Blindness is a term a lot of us use because it’s easiest to say instead of something like “I’m actually visually impaired, I can see colors and light perception” because to a lot of people, that’s hard for them to grasp.  I know I’ve seen a lot of blind gamers just say, give me good sound design in a Triple A title I’ll do the rest with my other senses.  For some, being able to magnify things is enough, while for others, the text to speech menu options are all they’d need.  Others would just need inverted color schemes, while others may prefer a fully audio, fully tactile game.

 

What I prefer in a game, is just to have the entire experience, like any normal game.  Sound design is fantastic nowadays:  I watch videos of games on YouTube, and can tell what’s going on just by the placement of the sound.  I don’t have any new gen consoles, but I can only imagine how easy it is to play and how immersive it is for a blind gamer.  I memorize where things are, or get sighted help from friends and family when something is too difficult, but overall that’s usually my gaming experience.  That being said, I love fighting games for how easy they are to just pick up and play.  Pick a mode, pick a fighter, and you’re good to go XD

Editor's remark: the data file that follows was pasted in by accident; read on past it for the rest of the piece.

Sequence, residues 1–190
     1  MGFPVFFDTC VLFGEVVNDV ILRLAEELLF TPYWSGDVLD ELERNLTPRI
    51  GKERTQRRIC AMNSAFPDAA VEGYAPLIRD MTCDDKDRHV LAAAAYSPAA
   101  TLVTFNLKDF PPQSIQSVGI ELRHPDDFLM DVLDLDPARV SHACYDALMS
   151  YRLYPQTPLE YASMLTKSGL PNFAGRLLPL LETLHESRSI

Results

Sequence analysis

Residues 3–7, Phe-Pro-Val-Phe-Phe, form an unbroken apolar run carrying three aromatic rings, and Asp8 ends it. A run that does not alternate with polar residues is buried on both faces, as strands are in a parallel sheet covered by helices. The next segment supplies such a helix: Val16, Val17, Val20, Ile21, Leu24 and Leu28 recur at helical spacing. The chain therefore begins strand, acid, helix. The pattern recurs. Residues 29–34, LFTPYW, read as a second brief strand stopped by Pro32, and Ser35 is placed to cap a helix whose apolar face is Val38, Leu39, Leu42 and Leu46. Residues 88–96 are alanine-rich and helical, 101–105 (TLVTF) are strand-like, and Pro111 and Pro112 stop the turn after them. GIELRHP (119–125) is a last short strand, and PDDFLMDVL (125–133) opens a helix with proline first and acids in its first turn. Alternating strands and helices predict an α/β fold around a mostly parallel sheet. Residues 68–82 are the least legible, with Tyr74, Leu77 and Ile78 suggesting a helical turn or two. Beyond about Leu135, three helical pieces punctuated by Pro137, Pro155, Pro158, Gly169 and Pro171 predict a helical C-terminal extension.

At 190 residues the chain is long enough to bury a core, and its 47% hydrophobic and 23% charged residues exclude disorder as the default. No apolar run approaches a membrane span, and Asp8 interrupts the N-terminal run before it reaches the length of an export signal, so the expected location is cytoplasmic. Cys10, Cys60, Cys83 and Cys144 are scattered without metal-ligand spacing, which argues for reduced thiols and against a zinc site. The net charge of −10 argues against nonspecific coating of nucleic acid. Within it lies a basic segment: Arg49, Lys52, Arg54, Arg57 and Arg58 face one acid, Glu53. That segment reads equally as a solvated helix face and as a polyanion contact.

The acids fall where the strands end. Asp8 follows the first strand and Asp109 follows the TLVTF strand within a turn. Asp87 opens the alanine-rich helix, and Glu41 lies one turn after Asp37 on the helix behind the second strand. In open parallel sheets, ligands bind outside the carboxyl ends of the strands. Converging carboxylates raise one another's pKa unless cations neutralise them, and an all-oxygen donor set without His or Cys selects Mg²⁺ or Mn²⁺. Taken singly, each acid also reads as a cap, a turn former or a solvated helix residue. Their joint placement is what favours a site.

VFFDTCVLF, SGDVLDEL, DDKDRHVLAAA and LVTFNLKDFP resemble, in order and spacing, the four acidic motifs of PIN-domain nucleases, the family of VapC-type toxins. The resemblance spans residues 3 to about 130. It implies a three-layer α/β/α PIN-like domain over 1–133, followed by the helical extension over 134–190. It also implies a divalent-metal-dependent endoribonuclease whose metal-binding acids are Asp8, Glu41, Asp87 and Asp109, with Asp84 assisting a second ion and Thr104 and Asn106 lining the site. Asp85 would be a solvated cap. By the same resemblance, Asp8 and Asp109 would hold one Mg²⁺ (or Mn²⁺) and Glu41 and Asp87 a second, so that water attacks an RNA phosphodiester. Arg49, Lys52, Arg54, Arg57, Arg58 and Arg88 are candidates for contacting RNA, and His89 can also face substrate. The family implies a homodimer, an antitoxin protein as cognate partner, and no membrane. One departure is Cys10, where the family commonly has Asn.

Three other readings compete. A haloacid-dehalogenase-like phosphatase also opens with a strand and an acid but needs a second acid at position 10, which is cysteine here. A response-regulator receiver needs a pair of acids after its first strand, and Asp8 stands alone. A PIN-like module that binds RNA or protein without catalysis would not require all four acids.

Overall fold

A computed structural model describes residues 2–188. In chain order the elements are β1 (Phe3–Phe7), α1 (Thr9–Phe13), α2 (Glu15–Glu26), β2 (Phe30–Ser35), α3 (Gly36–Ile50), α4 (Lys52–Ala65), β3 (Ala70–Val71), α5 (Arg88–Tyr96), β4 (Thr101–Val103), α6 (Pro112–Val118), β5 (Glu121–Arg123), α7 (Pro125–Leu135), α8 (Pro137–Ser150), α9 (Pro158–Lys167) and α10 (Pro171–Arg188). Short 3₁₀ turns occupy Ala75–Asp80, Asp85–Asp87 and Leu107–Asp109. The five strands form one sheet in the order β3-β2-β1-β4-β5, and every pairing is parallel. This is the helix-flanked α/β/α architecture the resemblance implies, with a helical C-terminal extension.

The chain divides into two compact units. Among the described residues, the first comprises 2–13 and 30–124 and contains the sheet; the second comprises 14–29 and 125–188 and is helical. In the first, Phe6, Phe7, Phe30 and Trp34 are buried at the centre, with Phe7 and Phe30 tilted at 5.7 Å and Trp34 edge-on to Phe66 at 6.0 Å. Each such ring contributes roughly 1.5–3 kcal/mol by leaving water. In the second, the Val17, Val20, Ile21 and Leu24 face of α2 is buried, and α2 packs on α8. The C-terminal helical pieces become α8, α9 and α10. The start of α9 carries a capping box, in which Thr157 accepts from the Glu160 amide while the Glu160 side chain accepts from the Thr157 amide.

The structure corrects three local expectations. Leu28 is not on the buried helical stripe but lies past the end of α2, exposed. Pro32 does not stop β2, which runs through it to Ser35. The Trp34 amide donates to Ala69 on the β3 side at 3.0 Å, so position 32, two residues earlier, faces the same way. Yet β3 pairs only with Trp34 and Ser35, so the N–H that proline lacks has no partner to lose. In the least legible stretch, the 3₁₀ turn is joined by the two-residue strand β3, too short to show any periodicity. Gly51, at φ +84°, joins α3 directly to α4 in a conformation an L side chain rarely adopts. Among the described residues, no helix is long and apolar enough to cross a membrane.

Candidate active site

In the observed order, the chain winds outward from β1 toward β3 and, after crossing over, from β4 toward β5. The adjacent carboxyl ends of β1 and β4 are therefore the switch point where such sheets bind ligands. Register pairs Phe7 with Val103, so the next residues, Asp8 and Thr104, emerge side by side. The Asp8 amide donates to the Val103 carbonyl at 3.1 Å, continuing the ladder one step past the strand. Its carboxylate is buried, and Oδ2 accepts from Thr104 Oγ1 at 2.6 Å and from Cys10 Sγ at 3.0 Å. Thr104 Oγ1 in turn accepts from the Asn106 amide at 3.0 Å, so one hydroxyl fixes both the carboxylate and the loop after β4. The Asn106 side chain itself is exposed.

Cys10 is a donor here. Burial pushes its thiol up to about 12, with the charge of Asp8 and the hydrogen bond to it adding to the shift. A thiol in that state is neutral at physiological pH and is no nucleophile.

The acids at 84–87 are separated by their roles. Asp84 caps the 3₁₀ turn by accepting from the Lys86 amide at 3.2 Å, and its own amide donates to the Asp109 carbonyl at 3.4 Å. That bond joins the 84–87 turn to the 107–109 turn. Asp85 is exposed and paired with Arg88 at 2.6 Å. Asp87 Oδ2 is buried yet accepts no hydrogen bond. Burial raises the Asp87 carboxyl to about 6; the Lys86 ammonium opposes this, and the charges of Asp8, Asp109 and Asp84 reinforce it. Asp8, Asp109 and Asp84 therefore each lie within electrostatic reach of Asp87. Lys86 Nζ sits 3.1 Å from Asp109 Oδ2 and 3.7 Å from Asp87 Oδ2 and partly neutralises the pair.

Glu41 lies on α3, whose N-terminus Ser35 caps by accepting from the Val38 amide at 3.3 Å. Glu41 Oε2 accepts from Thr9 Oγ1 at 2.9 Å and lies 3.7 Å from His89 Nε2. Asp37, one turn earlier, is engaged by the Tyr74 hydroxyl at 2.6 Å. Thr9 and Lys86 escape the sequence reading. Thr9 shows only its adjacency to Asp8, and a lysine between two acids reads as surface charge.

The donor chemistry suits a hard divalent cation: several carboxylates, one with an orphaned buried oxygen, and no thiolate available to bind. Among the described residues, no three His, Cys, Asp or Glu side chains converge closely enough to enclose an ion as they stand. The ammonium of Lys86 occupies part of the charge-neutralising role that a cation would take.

Like I said, I’m super impressed, and happy to see the strides that developers, both big and small are taking towards gaming being doable for everyone.  But when I see a game that says it’s fully accessible, but is lacking in features, I’m always so conflicted.  I love that people are doing it, but at the same time, why not do it so it’s literally accessible to everyone?  Games like 1, 2, Switch are doing a good job of being playable for everyone, while not looking like it’s excluding anyone from being able to play, and I think that’s more what developers need to stride for as far as making a game fully accessible goes.  A no graphics, audio only game may be interesting, and a good game to have out there but at the end of the day it’s very niche and won’t be as interesting a game to play as say, a Final Fantasy game and I’d overall just like to see more access to games that are more mainstream.  Good steps in the right direction on all fronts though, very interested to see where game development for the blind and visually impaired will be going in the next few years.

 

Have any thought’s on the subject?  Would love to hear in the comments!